Tracks 17, 18, 19, and 20 were all single contributions from four “guest” arrangers, and it shows. With “Antipyretic,” Yoshimi Kudo’s only contribution to the album, die-hard fans will be psyched to get their ears on an arrangement from Final Fantasy Tactics. Kudo’s experience as a composer, arranger, and musical performer serve him well, making this one yet another standout track. The use of dynamics, contrapuntal melodic lines, and short bursts of dramatic tension in this track and extremely welcome, as a large majority of the album pay those musical facets little mind. Track 18, “Pa-Paya,” is likewise Masayoshi Soken’s sole contribution, and the man makes it count. It’s a very faithful rendition, only much more classically arranged, taking the original’s occasional pizzicato strings and spinning them into a full-fledged melodic adaptation. While the track lacks the pop sensibilities of the original, it’s respectably layered and spacious. With “Blinded By Light” and “Crazy Motorcycle,” we see further arrangements from Final Fantasy XIII and Final Fantasy VII.
The other two “guest” arrangers, Tadayoshi Makino and Shohei Tsuchiya, lend their singular contributions and, like the last two they possess a certain care and craft that’s otherwise sadly missing. Despite its upbeat, synth-heavy approach, “Blinded By Light” achieves an interesting smattering of pounding drums, weeping legato violin, and percussive “tom” foolery that remains lithe and properly segmented, avoiding the messy loopability of some of the earlier tracks. “Crazy Motorcycle” takes a similar approach, crushing the low end with heavy, reverberating kick and bass. It makes unfortunate use of the album’s earlier foray into cheesy synth vocals (obviously a peeve of mine), but only briefly, making a successful transition into an organ/keyboard segment that exemplifies the motion and drive of the original composition. Finally, Yuko Komiyama wraps things up in a dour, majestic rendition of “Four Hearts” from Final Fantasy V. As it approaches overt pomp and circumstance, the track introduces playful elements and dynamic shifts that keep it feeling fresh. It’s a lovely way to go out, though like some of the other tracks, is a touch repetitive after the two-minute mark.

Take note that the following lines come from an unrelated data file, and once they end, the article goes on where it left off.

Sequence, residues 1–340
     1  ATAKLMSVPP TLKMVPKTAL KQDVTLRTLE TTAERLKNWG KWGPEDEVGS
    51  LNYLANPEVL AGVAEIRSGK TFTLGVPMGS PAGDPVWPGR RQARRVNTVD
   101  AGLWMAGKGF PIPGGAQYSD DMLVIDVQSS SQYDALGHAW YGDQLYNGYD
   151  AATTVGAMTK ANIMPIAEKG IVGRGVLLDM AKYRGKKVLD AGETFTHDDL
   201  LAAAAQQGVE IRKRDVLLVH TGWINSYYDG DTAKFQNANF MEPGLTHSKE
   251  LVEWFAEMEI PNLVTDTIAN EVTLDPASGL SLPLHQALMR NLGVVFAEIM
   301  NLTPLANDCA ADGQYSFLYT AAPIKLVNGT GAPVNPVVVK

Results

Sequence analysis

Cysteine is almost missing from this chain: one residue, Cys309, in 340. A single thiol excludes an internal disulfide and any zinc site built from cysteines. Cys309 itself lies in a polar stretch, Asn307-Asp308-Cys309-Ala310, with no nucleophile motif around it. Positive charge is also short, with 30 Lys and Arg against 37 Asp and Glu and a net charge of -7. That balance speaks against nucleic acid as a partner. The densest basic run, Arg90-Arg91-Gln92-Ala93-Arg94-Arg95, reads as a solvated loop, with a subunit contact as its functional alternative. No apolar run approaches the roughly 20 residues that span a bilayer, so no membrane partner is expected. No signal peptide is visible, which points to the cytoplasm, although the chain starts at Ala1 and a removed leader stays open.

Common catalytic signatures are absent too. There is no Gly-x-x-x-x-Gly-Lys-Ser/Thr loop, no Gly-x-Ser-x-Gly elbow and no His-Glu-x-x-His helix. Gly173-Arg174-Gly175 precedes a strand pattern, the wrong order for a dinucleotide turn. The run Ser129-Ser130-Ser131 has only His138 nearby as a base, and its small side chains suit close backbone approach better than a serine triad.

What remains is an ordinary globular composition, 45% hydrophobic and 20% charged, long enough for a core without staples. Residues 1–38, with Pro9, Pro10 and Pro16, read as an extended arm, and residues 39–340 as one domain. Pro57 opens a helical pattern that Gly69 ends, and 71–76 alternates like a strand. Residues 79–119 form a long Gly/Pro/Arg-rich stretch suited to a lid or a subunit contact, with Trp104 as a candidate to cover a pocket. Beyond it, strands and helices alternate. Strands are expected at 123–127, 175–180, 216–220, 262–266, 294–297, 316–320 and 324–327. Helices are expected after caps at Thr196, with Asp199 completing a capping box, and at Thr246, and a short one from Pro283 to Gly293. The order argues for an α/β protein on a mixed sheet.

Final Fantasy Record Keeper’s OST is a pretty solid reflection of the game itself: A wide majority of the tracks and medleys here will titillate series fans with familiar motifs and fun shifts through the seasonal mirth of various holidays, and the music on a whole is certainly a Zantetsuken’s cut above the average free-to-play mobile entry. But digging deeper reveals a notable lack of substance for many of the tracks, making repeat listening unlikely (outside of gameplay). While the latter half of the album has some key entries, the majority of this 21-track OST may leave you pining for the original compositions. Appropriately, this is something Record Keeper already excels at, albeit for the original games instead. Dedicated Final Fantasy fans will get a kick out of most of the music here, even if these arrangements seem only to know where they’ve already been—and not where they’re going.
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Posted on October 14, 2016 by Lee Neikirk. Last modified on October 24, 2016.